Snow White and the Seven Dwarfs (1937)
Snow White and the Seven Dwarfs (1937)

Genre: Fairy Tale Running Time: 1 hr. 23 min.

Release Date: December 21st, 1937 MPAA Rating: G

Director: William Cottrell, David Hand, Wilfred Jackson, Larry Morey, Perce Pearce, Ben Sharpsteen Actors: Adriana Caselotti, Pinto Colvig, Cordelia Ferreira, Lucille La Verne

 


 

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he initial, most notable element of “Snow White and the Seven Dwarfs” isn’t the fact that it was the first feature-length, cel-animated motion picture. Instead, it’s the music (by Frank Churchill, Leigh Harline, and Paul Smith), which perfectly captures the feel of a children’s fantasy, full of romance and adventure and whimsy. From here, the monstrous villain takes the stage, alongside her sinister magic mirror – itself a wonder of animation, what with its carefully detailed smoke and fire and refraction.

It begins as every fairy tale should: with the words “Once upon a time …” written ornately on the physical pages of a book. This now-famous method of introduction would be used on many of Walt Disney’s animated features, and it’s here that it features most prominently, especially as the majority of the setup is read, not witnessed. Adapted from Grimms’ Fairy Tales (confusingly putting the apostrophe in an uncommon spot), the plot follows Princess Snow White, whose beauty may some day surpass that of her vain stepmother, the new queen. And so the evil woman dresses the girl in rags and forces her to work as a scullery maid. But it’s not enough to conceal the young princess’ loveliness, especially from the queen’s magic mirror, which can always pinpoint the fairest maiden in the land.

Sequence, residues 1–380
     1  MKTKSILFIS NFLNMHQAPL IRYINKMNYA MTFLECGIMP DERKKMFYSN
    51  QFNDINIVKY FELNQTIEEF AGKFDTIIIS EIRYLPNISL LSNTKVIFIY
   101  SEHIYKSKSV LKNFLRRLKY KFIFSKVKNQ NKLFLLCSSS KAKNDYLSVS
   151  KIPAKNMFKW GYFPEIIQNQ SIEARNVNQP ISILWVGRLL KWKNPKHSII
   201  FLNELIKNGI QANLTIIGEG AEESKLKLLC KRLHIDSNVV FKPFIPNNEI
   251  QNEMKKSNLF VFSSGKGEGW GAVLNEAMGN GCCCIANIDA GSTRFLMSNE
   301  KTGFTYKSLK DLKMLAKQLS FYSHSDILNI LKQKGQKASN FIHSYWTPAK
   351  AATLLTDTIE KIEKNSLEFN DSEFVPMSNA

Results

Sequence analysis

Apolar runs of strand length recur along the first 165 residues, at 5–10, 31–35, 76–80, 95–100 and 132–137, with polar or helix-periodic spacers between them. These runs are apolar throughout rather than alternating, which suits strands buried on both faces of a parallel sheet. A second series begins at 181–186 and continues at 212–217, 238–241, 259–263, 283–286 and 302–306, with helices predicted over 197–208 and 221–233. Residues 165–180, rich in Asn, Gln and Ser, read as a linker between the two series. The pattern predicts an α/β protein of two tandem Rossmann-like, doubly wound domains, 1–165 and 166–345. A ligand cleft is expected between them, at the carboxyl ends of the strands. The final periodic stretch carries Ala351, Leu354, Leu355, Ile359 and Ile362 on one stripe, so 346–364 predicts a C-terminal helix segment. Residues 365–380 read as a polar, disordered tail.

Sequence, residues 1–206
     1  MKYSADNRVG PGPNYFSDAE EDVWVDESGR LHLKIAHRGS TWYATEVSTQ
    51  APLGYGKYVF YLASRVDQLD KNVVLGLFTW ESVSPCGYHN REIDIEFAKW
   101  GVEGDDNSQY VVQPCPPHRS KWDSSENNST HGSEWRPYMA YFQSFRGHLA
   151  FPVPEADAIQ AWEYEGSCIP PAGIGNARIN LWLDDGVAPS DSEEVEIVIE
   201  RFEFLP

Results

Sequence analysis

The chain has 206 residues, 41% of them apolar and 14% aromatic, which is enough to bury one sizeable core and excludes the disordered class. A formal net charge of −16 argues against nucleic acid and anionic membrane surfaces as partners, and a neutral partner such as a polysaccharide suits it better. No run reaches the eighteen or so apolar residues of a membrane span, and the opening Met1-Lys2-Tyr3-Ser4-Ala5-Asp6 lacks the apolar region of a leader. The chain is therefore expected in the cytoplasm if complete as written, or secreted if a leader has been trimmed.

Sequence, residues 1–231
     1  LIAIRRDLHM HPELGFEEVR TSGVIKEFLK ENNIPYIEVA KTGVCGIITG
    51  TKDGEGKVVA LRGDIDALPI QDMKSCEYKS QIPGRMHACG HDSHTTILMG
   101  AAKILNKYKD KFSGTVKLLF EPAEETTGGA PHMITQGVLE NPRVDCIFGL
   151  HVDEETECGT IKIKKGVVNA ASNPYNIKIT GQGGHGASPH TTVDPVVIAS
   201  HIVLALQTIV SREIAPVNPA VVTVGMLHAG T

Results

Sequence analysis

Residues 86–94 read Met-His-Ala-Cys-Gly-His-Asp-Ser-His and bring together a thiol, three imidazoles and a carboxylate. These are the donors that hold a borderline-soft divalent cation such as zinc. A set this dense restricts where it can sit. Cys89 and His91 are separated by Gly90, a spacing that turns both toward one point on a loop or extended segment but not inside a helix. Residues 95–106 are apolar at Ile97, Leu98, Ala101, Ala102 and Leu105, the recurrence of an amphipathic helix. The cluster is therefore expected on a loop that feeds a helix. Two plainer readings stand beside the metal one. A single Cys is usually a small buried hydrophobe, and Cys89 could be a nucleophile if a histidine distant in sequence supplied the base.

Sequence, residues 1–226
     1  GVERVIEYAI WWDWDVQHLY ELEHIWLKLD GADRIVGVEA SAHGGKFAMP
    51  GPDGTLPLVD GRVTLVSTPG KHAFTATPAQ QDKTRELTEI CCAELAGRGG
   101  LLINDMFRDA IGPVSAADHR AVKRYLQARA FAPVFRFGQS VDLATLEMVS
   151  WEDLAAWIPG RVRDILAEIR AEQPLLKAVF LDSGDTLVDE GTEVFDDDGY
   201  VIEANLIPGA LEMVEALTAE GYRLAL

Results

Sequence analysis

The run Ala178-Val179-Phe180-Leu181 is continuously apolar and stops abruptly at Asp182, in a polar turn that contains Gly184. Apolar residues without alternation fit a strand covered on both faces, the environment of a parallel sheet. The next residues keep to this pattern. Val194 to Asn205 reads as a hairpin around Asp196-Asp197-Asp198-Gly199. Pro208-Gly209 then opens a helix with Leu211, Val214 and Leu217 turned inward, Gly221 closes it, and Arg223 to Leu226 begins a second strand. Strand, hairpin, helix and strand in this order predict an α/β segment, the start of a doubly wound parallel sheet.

Although Snow White doesn’t look quite as realistic (or mature) as the following Disney princesses (both Cinderella and Aurora were moderate improvements before the astounding work of Ariel and Belle), her movements are still convincing, and her voice and singing are spectacular (provided by Adriana Caselotti). The musical components, which were embellished for the sake of marketing the film as a family-friendly product, are always at the forefront. In general, the instrumental notes are stronger than the lyrics, except when it comes to whistling while working, and when the dwarfs get their quirky work chant on the way home from the mine, which became two of the most recognizable songs from the movie (and in pop culture forever after). However, neither one has more than a couple of lines of lyrics. The best is instead the theme music (“Some Day My Prince Will Come”), which resurfaces from time to time in the background, and can’t help but to be sensationally moving.

As is traditional with stories by the Brothers Grimm, there is an abundance of antagonists, as well as some scary scenarios – particularly as the queen insists upon cutting out her stepdaughter’s heart as proof of death; when the huntsman slowly raises his dagger to accomplish that deed; and when the young girl is terrorized by imagined forest monstrosities. But Snow White’s singing always comes to the rescue. Further visual frights await, headlined by the queen’s transformation into the wicked witch (perhaps as shocking in 1937 as the transformation was in “An American Werewolf in London” for audiences of 1981). But the film also includes a few lessons for kids (such as tidying up and properly washing before dinner), plenty of comedy routines (including verbal humor [primarily from sputtering leader Doc and the distrustful Grumpy – “All females are poison!”], slapstick, and exaggerated movements by the dwarfs), a magic spell (and a traditional antidote), and an exhilarating finale. The film may not possess the emotional impact of Disney’s later animated classics, but it’s nevertheless a fascinating historical milestone in animation, and a powerful story of good and evil and the rousing, classical triumph of love.

– Mike Massie

  • 10/10